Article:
A road accident which claimed the life of a “hard-working” and “well-liked” motorcyclist was all down to a momentary lapse of judgment.
That was the finding of a coroner yesterday, as the details of the crash which killed Noel Campbell were laid out before an inquest.
Mr Campbell, a 46-year-old creamery worker from Old Newry Road, just outside Rathfriland, had been on his black Honda when it collided with the back of a silage trailer towed by a tractor.
It happened on the rural Rathfriland Road, about two-and-a-half miles from Newry, at about 4.20pm on June 15 last year.
He died in Daisy Hill Hospital that evening.
Warm tribute was paid to him during the hearing, which was told his injuries were so severe that no medical intervention could have saved him.
Road conditions were good that day, the court was told, and neither vehicle had any problem which would have caused the crash.
Dr Peter Ingram, assistant state pathologist, found he had repeatedly fractured his pelvis, left clavicle, 10 ribs, and was bleeding into his lungs – among other injuries.
There was no alcohol and only normal levels of prescription medication in his blood.
No estimate of vehicle speed was given to the court.
Marie Downey, who knew Mr Campbell, came across the crash soon after it happened.
She said he was “a grey colour” but able to speak, adding that his helmet had come off and was lying by the bike.
Crash investigator Damien Coll said “there is nothing to say exactly why” the collision happened.
He suggested that either Mr Campbell may have attempted some kind of overtaking manoeuvre, or that he sought to deliberately crash.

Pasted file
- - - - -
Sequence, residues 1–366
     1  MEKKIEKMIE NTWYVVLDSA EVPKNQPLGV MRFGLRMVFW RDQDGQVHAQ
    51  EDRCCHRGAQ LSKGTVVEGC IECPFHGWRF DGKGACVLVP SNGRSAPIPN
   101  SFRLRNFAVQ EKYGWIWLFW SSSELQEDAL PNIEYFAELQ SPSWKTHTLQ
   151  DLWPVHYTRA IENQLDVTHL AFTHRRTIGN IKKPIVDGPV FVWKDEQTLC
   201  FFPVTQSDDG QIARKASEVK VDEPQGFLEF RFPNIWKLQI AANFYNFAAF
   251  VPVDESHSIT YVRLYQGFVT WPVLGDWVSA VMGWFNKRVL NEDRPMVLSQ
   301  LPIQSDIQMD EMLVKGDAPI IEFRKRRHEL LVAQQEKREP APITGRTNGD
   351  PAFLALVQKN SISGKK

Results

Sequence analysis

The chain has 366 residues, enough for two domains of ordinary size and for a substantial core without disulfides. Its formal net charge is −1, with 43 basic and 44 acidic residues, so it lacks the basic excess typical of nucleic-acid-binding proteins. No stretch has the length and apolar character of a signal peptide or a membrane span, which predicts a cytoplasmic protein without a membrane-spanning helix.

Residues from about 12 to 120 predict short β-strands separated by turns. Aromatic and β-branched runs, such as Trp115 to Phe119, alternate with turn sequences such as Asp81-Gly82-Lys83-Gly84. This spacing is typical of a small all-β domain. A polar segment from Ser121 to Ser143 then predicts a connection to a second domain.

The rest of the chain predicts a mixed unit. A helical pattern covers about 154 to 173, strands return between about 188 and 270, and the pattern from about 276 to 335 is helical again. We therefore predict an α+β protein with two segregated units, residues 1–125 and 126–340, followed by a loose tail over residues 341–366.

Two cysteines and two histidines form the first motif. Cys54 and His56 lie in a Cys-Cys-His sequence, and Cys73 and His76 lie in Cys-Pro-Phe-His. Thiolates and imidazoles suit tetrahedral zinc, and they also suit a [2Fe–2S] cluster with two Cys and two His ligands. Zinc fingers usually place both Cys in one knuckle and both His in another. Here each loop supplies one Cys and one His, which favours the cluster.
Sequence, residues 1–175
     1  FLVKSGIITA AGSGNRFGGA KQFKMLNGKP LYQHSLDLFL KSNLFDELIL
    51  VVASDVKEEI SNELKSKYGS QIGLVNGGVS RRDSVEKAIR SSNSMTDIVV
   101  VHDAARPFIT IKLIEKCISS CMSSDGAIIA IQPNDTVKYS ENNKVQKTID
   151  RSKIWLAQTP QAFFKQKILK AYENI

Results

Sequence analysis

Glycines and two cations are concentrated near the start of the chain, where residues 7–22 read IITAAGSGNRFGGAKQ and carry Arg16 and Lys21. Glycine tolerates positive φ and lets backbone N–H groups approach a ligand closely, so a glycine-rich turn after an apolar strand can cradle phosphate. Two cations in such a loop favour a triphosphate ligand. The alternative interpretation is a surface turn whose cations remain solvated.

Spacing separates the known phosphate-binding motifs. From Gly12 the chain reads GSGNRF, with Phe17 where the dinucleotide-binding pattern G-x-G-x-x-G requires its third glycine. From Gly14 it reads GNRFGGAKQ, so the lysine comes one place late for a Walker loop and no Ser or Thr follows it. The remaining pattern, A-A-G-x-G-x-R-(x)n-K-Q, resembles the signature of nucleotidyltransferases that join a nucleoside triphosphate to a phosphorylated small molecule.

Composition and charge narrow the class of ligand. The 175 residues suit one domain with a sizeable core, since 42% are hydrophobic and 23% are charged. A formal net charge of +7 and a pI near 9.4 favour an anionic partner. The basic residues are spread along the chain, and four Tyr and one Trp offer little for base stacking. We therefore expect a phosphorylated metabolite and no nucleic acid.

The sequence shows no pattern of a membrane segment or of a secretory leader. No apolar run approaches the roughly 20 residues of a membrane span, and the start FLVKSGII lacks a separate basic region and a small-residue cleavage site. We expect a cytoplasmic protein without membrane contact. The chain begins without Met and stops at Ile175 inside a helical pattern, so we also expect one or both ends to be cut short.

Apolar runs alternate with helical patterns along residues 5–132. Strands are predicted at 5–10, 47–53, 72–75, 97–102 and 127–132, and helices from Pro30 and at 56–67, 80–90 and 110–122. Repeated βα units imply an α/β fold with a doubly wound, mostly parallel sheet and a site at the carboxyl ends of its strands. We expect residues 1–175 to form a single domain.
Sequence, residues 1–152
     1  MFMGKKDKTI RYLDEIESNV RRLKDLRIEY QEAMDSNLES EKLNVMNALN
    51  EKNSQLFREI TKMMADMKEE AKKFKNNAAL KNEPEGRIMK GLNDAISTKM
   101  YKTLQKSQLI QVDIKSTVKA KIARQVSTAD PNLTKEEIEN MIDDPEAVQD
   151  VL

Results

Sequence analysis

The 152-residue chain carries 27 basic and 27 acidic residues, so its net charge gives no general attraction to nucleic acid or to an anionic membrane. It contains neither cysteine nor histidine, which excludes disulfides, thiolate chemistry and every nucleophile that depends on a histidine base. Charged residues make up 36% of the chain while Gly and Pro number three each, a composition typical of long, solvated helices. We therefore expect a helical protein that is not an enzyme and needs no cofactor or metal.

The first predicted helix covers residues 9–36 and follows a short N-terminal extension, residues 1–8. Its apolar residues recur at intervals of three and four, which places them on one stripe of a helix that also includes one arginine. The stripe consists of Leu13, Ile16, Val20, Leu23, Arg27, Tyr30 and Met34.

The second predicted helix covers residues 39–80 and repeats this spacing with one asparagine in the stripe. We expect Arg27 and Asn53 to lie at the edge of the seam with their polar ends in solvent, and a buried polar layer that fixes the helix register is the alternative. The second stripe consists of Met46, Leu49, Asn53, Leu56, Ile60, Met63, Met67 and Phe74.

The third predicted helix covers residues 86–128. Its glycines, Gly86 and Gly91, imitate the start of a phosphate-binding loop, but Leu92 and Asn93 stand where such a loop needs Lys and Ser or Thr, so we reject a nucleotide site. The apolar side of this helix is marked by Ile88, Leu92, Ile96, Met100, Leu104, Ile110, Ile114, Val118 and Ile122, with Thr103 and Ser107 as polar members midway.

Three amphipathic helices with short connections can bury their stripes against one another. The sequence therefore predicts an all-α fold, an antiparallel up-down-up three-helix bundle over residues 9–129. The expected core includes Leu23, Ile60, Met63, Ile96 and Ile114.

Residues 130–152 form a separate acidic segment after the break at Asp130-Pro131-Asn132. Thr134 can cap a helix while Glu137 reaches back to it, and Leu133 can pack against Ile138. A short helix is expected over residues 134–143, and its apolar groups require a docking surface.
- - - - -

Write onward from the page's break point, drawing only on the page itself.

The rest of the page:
GP Dr Siobhan Wade said Mr Campbellhad suffered from depression in the past and had been given medication which is prescribed to sufferers of psychosis.
He also had a twitching condition called dystonia, for which he was being treated.
Mr Campbell’s sister Cora McCartney described him as a quiet man who enjoyed music.
Delivering his findings, the coroner, Joseph McCrisken , found the extent of his injuries had been “unsurvivable”.
He noted that Mr Campbell – a single man with no children – had experienced medical issues, but ruled out the idea of an intentional crash.
“In my view, that simply did not happen,” he told the court.
The coroner ruled Mr Campbell “did not intend to impact with the back of the trailer, and that – for some unknown reason, I think is the only thing we can say – he misjudged the overtaking manoeuvre”.
“No-one will know what happened really that day,” he said.
“He seemed like a man who was hard-working, well-liked, and we should all be so happy and lucky that people should describe us as that when it comes our time to die.”